Although there is no official announcement yet, the sources told IANS that the British Indian novelist may keep away from the Jan 20-24 event scheduled at the Diggi Palace Hotel.
The sources gave no details but spoke as Rajasthan Chief Minister Ashok Gehlot told Home Minister P. Chidambaram in Delhi that Rushdie's presence could spark off trouble.
Muslim groups have come out against the visit by Rushdie, whose fourth novel, "The Satanic Verses" (1988), led to major protests from Muslims in many countries after a 'fatwa' by Ayatollah Khomeini in 1989.
Organisers of the popular Jaipur Literature Festival admitted that Rushdie "will not attend" the first day of the event.
He was supposed to reach Jaipur Jan 20 and address two literary sessions.
The event's producer Sanjay Roy said in a two-line statement: "Rushdie will not be in India Jan 20 due to a change in his schedule. The festival stands by its invitation to the author."
The organisers were mum over whether he will attend the festival or not.
Nearly 250 authors from the world, including celebrities like Oprah Winfrey, will take part in the festival.
Gehlot told reporters in Delhi: "We don't have any official communication when he is coming... but minorities in the state are protesting against it. I have informed him (Chidambaram) about the situation.
"It is a famous festival. I am sure organisers ... would not want anything to happen that affects the whole festival. I hope we work out something so that things don't turn ugly.
"We can't prevent (Rushdie) from coming to India since he is a PIO (Person of Indian Origin) and PIOs don't need visa," said Gehlot, who also met Law and Minorities Affairs Minister Salman Khurshid.
Many Muslim leaders in Rajasthan have asked the government not to let Rushdie enter India.
After Darul Uloom Deoband -- the country's biggest Islamic seminary -- demanded that the writer be denied entry, some leaders of the Bharatiya Janata Party's (BJP) minority cell in Rajasthan echoed the view.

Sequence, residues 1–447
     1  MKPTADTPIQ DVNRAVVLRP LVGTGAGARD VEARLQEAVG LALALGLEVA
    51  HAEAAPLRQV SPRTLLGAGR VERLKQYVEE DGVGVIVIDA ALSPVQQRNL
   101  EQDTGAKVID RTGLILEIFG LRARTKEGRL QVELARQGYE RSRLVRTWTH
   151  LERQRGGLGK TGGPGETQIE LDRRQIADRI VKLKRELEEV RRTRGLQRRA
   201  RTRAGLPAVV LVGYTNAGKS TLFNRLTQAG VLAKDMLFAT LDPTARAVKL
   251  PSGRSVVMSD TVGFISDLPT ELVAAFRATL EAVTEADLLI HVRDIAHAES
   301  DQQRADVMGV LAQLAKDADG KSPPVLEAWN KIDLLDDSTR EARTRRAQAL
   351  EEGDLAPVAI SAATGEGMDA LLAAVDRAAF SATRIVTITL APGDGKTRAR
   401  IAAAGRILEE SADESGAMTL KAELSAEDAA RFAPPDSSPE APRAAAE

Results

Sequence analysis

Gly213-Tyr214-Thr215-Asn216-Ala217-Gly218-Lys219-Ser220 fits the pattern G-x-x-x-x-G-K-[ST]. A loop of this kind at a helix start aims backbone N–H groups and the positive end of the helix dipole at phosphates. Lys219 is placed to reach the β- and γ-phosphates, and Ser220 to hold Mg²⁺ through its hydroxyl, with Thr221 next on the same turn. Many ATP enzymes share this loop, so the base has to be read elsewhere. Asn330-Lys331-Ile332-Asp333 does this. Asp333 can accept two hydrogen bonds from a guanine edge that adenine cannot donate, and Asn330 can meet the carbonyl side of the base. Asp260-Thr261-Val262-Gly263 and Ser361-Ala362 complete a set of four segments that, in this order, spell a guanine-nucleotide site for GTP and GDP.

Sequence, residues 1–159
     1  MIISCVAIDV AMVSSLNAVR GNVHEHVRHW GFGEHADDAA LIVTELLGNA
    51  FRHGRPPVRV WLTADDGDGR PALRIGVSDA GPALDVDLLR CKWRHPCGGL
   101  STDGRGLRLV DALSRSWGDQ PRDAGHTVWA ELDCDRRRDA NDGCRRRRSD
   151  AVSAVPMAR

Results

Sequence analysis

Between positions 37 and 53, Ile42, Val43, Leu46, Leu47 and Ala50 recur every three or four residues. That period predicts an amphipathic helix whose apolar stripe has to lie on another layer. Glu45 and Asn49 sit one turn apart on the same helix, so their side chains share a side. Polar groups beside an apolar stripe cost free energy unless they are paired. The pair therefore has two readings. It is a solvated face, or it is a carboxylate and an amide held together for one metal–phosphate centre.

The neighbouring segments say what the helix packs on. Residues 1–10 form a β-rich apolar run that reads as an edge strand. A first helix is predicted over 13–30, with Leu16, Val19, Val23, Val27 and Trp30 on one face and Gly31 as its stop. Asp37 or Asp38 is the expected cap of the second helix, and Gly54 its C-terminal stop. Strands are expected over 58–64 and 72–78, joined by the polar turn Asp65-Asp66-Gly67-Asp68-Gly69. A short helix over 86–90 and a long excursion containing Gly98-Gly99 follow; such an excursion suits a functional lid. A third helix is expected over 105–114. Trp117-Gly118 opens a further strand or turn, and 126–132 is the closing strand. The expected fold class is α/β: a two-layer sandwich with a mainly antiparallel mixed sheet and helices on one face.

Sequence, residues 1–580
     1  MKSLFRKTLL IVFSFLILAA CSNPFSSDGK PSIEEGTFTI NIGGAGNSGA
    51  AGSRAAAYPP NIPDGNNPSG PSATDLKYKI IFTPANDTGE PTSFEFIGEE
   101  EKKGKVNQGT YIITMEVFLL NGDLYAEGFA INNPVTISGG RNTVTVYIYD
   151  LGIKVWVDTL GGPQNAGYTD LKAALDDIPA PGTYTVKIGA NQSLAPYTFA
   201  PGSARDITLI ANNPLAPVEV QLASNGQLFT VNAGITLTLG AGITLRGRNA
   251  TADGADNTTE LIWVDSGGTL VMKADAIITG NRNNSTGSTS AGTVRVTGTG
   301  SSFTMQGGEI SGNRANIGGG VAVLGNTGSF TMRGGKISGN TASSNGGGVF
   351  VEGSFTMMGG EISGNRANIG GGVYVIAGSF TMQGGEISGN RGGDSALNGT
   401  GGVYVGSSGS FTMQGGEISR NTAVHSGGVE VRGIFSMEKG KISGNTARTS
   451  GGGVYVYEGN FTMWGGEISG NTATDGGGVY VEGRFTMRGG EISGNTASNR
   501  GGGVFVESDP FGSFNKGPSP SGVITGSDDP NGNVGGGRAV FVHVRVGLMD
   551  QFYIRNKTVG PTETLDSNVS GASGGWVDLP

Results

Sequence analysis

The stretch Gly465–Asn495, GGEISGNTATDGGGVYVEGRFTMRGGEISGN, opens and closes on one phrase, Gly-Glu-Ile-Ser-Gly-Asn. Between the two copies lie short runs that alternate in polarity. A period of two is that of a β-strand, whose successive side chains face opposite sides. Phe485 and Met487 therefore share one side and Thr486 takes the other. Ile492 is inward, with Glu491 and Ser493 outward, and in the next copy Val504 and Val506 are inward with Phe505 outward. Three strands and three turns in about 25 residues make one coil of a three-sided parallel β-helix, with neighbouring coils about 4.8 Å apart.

Darul Uloom vice chancellor Maulana Abul Qasim Nomani, who had urged the Indian government to cancel Rushdie's visa, Tuesday demanded an apology from the writer for hurting Muslim sentiments.
"Rushdie has hurt Muslim sentiments. He should apologise to the entire Muslim ummah (society) for his blasphemous remarks against Islam and the Prophet. Only then we can allow him to travel to India," Nomani told IANS over phone from Deoband in Uttar Pradesh.
The Man Booker prize winning writer had earlier visited India in 2000 for a Commonwealth writers' forum, and in 2007 the Jaipur Literature Festival despite widespread protest.
Through the week, fans and liberals voiced anguish over attempts to bar Rushdie from visiting India.
In a hard-hitting message on Twitter, journalist and commentator Vir Sanghvi said: "Don't take power away from the people and give it to the bullies."
Last year, an invitation to Rushdie for the Harud festival in Kashmir that was later aborted, had triggered similar flak.
Rahul Pandita, the author of "Hello, Bastar", described the tirade against Rushdie as "shame, shame, shame!"
"This is the real face of the Congress party," Pandita said on social media. Foreign correspondent Seema Sirohi felt "the large Indian state was too weak to protect one man".
Source: (IANS) Jaipur/New Delhi